From there we headed to Ollantaytambo where we intended to stay the night. On a tip from Grace´s Auntie Palma, we stopped in at El Albergue Hotel to say hi to a distant acquaintance and what a fantastic stop this turned out to be. The incredibly generous hotel manager and son of the owner, Juaquin, invited us to stay, not at the hotel, but in his home, free of charge. He also joined us for dinner and filled us in on a lot of the local flavor, as well as let us play with his awesome doggies. A couple Pisco Sours, a bottle of wine, an incredible Alpaca steak and homemade Asparagus soup for dinner and we called it a night.
Thanks again Juaquin!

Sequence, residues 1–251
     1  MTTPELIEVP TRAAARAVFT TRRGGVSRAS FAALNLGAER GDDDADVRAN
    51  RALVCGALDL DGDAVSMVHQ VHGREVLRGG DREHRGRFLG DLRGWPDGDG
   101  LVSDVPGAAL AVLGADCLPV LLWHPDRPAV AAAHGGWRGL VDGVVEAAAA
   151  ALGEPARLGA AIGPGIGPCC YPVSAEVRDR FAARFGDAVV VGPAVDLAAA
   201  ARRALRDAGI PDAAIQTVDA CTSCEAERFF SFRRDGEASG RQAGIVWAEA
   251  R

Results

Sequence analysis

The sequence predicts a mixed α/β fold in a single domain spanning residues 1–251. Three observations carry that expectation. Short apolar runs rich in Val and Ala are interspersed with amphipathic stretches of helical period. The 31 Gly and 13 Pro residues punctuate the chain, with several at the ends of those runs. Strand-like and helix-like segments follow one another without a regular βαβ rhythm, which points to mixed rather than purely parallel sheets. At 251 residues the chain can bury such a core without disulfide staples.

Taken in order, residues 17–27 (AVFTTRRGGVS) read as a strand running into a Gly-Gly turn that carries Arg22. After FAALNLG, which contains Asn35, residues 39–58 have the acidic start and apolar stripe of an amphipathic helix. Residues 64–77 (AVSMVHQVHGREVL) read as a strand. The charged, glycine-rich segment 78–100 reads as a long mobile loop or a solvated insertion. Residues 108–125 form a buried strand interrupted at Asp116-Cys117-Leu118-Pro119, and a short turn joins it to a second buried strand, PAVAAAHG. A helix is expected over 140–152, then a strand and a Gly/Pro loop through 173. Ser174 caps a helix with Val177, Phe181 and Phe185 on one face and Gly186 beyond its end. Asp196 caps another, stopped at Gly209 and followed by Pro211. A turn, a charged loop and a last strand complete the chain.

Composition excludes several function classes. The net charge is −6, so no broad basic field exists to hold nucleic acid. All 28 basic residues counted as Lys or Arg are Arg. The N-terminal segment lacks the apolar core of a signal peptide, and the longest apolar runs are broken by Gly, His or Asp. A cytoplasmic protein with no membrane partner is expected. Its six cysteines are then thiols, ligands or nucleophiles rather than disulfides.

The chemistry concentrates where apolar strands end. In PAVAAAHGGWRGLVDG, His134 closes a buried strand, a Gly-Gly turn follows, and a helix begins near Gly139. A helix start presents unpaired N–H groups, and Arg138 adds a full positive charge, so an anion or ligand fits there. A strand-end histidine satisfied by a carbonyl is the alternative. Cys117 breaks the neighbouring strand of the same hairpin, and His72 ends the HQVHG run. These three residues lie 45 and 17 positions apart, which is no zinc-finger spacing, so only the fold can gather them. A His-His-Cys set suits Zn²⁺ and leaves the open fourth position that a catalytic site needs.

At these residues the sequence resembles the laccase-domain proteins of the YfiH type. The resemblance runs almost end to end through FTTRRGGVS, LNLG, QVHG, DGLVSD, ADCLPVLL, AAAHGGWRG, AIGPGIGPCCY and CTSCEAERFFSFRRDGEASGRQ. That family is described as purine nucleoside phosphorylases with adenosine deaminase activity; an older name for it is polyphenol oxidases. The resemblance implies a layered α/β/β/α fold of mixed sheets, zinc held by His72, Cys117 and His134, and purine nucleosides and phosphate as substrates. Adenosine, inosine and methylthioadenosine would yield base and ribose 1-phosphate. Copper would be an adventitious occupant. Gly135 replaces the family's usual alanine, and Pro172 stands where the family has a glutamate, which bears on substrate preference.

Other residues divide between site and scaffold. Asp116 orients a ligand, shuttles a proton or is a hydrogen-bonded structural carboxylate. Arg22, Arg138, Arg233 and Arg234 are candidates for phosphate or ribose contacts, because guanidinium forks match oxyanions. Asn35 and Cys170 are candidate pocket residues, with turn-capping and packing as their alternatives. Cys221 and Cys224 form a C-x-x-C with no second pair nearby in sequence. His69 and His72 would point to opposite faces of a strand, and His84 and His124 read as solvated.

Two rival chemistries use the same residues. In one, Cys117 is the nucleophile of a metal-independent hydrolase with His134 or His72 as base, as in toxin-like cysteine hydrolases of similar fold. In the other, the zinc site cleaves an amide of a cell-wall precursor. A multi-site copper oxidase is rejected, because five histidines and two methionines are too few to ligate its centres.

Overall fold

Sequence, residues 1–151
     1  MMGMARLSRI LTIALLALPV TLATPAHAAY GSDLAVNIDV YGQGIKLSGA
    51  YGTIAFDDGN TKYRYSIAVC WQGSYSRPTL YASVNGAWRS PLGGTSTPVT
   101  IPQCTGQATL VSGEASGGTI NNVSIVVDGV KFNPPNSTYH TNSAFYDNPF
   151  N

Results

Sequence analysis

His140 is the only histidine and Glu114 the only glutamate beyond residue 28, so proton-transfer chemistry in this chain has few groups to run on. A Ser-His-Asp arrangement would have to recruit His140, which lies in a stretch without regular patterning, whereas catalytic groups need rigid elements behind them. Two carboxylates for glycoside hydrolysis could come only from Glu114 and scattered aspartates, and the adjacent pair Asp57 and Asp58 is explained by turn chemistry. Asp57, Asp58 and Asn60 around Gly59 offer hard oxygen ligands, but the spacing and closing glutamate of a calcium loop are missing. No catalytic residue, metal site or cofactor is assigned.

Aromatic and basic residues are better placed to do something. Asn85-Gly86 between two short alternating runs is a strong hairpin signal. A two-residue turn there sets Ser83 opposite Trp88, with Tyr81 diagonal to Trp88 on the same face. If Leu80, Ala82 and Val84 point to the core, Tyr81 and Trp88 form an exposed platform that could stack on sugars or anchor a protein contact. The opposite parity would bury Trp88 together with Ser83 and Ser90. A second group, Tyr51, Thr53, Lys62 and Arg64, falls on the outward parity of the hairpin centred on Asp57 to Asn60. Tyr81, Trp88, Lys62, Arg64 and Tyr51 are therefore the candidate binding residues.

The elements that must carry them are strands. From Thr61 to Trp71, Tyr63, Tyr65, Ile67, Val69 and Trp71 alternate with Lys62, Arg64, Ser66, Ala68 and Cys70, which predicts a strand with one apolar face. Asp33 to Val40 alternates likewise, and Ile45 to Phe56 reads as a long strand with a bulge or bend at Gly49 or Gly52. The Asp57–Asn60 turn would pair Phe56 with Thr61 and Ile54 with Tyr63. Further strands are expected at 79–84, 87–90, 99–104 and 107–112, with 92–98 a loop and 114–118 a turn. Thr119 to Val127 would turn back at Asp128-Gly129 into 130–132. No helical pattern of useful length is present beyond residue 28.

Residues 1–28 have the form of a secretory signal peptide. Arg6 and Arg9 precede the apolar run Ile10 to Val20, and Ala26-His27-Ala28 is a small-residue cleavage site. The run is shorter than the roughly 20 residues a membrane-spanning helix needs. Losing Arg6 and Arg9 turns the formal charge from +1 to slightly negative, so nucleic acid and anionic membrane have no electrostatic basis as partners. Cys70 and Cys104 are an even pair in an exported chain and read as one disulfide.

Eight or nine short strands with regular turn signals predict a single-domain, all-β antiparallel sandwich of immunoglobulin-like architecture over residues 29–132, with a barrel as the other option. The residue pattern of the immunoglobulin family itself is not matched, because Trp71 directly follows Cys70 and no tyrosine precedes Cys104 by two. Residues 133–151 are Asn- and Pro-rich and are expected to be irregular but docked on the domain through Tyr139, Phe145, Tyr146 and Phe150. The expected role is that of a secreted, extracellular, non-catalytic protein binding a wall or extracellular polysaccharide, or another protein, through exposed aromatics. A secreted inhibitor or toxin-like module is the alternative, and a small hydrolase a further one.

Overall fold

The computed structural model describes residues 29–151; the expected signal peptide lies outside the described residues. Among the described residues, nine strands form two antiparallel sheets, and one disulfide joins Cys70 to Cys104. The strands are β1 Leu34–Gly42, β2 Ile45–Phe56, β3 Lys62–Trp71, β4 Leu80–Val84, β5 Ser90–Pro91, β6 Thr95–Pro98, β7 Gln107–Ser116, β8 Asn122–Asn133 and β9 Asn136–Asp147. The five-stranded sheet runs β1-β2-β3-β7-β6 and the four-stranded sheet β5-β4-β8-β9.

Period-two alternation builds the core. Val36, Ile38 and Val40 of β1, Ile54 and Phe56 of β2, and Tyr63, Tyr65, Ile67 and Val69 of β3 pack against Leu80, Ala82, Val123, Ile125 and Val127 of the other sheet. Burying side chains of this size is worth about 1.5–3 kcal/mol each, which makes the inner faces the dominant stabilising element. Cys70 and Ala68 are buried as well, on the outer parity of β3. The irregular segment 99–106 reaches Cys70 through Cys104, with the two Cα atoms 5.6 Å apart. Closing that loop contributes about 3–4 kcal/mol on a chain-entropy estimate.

Getting to Machu Picchu on the cheap!
It costs $100 per person for a round trip train ticket from Cusco to Machu Picchu. From Ollantytambo, the half way point to which you can drive, the round trip train ticket costs $62 per person. This is in addition to the $40 per person entrance fee into the actual ruins that you pay once you arrive. Not surprisingly things can get pretty expensive and that´s why we decided to save some dough and have a little adventure.
It turns out that it´s actually possible in 4 1/2 hours to drive from Ollantaytambo, over the hill and around the bend to the tiny village of Santa Theresa. From there it´s a mere 2 1/2 hour hike down a set of active train tracks to Aguas Calientes, the town at the base of Machu Picchu.